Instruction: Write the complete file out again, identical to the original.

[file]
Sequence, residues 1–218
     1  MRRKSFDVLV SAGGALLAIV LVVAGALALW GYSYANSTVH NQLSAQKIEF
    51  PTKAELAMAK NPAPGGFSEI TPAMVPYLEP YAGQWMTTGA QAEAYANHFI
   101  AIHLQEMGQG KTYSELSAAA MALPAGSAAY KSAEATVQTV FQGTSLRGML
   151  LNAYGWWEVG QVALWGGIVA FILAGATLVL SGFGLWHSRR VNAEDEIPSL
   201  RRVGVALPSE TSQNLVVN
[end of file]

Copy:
Sequence, residues 1–218
     1  MRRKSFDVLV SAGGALLAIV LVVAGALALW GYSYANSTVH NQLSAQKIEF
    51  PTKAELAMAK NPAPGGFSEI TPAMVPYLEP YAGQWMTTGA QAEAYANHFI
   101  AIHLQEMGQG KTYSELSAAA MALPAGSAAY KSAEATVQTV FQGTSLRGML
   151  LNAYGWWEVG QVALWGGIVA FILAGATLVL SGFGLWHSRR VNAEDEIPSL
   201  RRVGVALPSE TSQNLVVN